Economists Argue over Distribution Question
More and more economists take distribution questions seriously. When inequality becomes too great, the economy becomes unstable. Liberalization of the financial markets roused the spiral of indebtedness. Private indebtedness and income inequality massively increased in the US. The financial markets uncoupled from the real economy.
ECONOMISTS ARGUE OVER DISTRIBUTION QUESTION
Income inequality destabilizes national economies; more and more economists are convinced. Many of them see the cause for the worldwide financial crisis in the growing chasm between poor and rich
By Hans Christian Mueller
[This article published 11/4/2012 is translated from the German on the Internet, link to www.handelsblatt.com.]
Berlin. The class struggle has long disappeared from the vocabulary of economists. Most researchers are not interested any more in the distinctions between the particular classes of society, between poor and rich, working and wealthy, Nobel Prize winner Robert Lucas explained. Economists should not be seduced by the dangerous temptation of focusing on distribution questions, he wrote ten years ago. Whoever wants increased prosperity should worry about growth and not re-distribute.
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In the meantime, a rethinking is occurring in the economic guild. More and more economists take distribution questions seriously as shown by the November 2012 conference on the "Macro-economy Research Network" in Berlin. On invitation of the Hans Boeckler foundation, more than 300 economists discussed the future of macro-economic research. Income distribution was one of the central themes. The chasm between poor and rich has grown tremendously in the US and many other industrial countries.
Reforms are carried out in all departments except among economists. More and more now call for a reform of antiquated myths.
When inequality becomes too great in a national economy, the economy becomes unstable, the International Monetary Fund vice-director Michael Kumhof showed. With colleagues, he expanded a standard macro-economic model with distribution questions. In this model, there are workers and wealthy instead of homogeneous households with uniform interests.
Kumhof's research findings reveal that income inequality in the US was one of the main reasons for the collapse in 2007. The rich who became richer and richer before the crisis had to invest their surpluses, Kumhof says - and eager customers can always be found among the poor. "The likelihood of massive crises clearly increases," Kumhof says in the Handelsblatt interview. The liberalization of the financial markets has roused this spiral of indebtedness.
CRITICAL ROLE OF FINANCIAL MARKETS
The economist Robert Frank from Cornell University also sees the enormously increased income inequality as a cause of the credit bubble and the financial crisis. The desire of people was to not fall back compared to the richer sectors that caused the debt boom. The poorer sectors tried to stabilize their prosperity with the help of credits.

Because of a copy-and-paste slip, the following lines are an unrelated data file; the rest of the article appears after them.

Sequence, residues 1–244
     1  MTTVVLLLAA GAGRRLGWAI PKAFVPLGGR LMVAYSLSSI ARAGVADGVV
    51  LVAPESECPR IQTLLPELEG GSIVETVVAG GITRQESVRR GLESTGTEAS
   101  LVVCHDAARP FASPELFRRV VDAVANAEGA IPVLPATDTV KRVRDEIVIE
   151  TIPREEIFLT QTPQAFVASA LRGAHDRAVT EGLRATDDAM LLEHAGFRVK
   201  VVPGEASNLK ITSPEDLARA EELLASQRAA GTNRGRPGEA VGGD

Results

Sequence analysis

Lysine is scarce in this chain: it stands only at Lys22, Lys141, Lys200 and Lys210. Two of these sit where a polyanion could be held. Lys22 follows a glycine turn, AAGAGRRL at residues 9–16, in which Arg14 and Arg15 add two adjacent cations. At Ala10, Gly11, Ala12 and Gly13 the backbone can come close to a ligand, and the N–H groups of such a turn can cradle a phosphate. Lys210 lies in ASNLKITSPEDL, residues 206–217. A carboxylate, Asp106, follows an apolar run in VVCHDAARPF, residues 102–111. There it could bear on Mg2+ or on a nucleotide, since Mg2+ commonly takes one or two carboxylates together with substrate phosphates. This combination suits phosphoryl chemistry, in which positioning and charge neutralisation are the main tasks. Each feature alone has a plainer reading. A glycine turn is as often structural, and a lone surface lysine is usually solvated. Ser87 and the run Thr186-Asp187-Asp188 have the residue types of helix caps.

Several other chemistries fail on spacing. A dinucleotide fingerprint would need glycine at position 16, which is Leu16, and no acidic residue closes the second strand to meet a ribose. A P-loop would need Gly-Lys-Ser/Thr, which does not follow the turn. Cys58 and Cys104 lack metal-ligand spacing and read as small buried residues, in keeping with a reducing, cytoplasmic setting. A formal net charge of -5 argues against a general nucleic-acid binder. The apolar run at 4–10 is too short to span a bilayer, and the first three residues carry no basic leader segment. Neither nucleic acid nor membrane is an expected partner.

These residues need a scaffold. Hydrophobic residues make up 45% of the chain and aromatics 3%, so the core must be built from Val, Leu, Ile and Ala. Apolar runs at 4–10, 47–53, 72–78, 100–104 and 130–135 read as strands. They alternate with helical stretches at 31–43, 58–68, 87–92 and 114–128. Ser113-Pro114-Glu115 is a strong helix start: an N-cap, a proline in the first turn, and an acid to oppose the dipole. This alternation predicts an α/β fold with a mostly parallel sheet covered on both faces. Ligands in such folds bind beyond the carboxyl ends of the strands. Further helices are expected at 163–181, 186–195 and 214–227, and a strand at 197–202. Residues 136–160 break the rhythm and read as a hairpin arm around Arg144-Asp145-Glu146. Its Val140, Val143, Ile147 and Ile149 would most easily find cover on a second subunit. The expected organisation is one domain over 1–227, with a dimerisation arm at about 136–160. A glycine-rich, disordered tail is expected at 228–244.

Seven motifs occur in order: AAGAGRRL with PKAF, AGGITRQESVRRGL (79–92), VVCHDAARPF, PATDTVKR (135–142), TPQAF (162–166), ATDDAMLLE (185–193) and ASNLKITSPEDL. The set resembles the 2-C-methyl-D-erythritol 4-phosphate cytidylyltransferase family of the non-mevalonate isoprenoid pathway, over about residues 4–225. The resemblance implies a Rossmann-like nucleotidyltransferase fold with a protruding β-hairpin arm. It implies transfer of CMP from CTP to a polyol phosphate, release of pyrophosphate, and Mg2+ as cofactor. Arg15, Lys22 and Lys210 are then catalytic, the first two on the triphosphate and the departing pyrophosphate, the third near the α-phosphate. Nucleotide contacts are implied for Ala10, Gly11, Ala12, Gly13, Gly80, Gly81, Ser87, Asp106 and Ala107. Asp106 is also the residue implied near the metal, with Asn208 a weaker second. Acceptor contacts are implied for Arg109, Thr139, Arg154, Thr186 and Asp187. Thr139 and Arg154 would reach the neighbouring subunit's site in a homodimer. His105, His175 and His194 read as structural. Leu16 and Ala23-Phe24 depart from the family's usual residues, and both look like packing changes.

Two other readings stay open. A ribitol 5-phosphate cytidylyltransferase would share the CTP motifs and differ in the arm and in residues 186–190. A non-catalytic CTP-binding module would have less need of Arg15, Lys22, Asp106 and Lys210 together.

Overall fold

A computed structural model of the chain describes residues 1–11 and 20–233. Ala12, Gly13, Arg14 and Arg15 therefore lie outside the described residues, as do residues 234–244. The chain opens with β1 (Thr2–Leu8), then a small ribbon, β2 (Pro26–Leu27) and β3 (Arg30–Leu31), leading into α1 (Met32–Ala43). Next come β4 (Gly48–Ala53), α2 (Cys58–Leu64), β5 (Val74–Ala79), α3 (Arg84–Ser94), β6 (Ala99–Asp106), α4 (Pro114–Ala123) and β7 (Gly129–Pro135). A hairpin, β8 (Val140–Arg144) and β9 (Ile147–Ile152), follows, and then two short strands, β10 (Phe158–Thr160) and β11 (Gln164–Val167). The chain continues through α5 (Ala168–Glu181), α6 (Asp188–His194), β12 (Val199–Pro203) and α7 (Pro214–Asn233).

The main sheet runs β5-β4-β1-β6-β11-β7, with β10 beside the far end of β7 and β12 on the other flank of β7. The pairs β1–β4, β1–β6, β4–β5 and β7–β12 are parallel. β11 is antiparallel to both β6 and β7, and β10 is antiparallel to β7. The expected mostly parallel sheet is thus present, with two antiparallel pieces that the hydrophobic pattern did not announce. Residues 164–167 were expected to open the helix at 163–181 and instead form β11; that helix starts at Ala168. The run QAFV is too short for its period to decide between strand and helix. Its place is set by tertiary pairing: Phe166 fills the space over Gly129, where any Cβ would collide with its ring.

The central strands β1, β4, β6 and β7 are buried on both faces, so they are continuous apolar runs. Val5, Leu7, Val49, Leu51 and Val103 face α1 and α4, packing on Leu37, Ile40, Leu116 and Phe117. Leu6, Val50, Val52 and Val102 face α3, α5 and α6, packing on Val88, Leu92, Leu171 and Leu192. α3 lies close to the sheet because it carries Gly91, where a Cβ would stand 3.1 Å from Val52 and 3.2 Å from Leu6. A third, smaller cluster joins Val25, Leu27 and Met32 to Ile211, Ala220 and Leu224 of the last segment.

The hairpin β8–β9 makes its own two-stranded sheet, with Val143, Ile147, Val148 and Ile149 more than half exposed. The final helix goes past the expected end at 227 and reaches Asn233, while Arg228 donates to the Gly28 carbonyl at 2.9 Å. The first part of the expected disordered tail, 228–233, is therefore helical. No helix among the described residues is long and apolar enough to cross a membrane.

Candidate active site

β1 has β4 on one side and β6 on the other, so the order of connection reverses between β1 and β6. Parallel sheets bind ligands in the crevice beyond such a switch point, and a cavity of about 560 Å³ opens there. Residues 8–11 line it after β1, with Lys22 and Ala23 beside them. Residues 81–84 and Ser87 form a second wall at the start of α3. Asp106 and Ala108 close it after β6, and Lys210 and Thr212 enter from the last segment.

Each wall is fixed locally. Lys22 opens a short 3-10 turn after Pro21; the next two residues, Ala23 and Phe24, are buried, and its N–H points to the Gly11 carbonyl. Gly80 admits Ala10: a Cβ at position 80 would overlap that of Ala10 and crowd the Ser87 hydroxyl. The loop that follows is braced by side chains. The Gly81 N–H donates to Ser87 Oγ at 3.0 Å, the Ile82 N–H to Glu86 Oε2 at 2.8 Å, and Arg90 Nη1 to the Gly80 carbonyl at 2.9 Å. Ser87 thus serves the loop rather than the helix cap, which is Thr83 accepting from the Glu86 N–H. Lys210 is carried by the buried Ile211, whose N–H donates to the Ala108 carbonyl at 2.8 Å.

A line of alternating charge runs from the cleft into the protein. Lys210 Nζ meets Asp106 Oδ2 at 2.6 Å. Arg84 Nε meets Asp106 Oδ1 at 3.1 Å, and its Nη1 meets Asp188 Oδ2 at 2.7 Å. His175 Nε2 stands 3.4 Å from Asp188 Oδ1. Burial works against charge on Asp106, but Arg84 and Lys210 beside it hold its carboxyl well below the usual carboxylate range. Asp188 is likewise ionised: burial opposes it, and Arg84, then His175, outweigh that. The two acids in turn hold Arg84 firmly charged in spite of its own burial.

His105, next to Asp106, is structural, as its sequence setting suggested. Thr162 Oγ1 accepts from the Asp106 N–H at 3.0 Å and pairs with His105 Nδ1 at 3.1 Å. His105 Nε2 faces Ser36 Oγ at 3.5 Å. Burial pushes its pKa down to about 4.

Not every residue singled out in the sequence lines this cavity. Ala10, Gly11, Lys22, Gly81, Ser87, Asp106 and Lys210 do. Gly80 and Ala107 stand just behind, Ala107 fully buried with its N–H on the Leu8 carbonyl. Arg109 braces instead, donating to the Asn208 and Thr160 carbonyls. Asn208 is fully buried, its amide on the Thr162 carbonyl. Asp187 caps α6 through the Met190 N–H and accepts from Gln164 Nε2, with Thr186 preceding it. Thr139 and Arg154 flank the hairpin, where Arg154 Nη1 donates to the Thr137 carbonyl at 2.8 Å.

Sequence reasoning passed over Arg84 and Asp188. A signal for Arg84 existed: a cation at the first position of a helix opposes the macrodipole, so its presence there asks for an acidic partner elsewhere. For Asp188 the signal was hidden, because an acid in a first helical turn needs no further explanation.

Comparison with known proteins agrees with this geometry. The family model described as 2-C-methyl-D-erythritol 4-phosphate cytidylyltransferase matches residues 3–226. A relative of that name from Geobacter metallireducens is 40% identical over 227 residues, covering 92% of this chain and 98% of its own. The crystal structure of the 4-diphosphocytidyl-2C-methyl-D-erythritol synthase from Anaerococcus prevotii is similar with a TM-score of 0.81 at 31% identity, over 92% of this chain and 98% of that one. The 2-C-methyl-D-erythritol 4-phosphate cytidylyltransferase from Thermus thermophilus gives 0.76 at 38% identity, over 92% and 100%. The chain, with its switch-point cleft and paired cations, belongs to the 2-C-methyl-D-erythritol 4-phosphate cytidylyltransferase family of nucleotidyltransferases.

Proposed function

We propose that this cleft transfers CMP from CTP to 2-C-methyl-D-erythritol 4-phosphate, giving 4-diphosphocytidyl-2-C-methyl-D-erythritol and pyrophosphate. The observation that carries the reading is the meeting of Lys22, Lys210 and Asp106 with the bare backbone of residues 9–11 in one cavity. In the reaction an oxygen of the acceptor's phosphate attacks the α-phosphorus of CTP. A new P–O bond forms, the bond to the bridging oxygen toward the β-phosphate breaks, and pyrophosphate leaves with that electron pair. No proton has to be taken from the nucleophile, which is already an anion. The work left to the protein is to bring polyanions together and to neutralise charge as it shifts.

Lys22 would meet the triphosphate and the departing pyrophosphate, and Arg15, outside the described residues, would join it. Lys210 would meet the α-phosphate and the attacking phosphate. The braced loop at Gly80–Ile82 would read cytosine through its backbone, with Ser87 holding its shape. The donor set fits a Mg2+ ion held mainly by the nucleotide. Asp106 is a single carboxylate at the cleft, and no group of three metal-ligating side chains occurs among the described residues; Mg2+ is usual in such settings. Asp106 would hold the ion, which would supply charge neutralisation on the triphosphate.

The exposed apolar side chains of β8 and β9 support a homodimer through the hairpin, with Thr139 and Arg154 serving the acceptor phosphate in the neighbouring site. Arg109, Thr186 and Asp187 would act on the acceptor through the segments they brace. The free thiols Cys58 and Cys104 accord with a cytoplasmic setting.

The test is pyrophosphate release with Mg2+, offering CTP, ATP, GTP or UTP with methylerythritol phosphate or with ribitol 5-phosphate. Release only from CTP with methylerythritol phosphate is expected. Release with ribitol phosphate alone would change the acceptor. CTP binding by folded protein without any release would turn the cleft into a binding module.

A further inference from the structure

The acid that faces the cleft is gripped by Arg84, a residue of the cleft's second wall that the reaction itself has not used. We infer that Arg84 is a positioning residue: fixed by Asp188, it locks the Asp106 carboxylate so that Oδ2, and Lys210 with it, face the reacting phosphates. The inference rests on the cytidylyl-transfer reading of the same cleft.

This mechanism could be an explanation for the crisis after 2007 and also for the Great Depression, the Linz economist Christian Alexander Belabed argued. "Becoming indebted lost its stigma at that time." Many households then began buying cars on credit.
EURO IN CRISIS
Private indebtedness and income inequality massively increased in the US of the 1920s - as before 2007. This view puts in question the traditional explanation for the Great Depression. For a long while, most economists referred the worldwide economic crisis back to mistakes of central banks.
The role of the financial markets should be especially criticized. These had uncoupled nearly completely from the real economy, the US researcher Michael Hudson from the University of Missouri in Kansas City said. This economist who is regarded as one of the seminal intellectuals of the Occupy Wall Street movement makes an historical comparison: "The big landowners in the 18th and 19th century are the financial markets today."
NEW GDP CALCULATION DEMANDED
Like the big landowners at that time, the financial sector today does not create any real assets today. The economy merely posts profits and drives workers with falling wages into heavy debts. In Berlin, many economists questioned whether it is sensible to analyze distribution questions with the traditional methodological toolbox. Instead they demanded a very new paradigm or initiatives that closely follow the theory of John Maynard Keynes.
Along with Kumhof, the Berlin macro-economist Michael Burda defended the traditional approaches. Burda, the current chairperson of the Association for Social Policy, urges the unification of German-speaking economists.
On the other hand, the American economist Michael Hudson urges a very new measurement of prosperity. In the future, the true economic output realized by the real economy should be separated from the apparent output arising in the unproductive financial world. "They only produce debts, not prosperity."
Mamdani, Mahmood, "Four Questions to Professor Joseph Stiglitz," 7/25/2012
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